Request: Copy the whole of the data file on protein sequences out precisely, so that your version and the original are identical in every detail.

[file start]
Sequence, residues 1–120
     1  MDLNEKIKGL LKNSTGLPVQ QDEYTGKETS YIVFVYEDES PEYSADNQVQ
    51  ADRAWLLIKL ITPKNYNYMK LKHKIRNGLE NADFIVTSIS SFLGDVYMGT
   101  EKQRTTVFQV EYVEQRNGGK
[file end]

Sequence, residues 1–120
     1  MDLNEKIKGL LKNSTGLPVQ QDEYTGKETS YIVFVYEDES PEYSADNQVQ
    51  ADRAWLLIKL ITPKNYNYMK LKHKIRNGLE NADFIVTSIS SFLGDVYMGT
   101  EKQRTTVFQV EYVEQRNGGK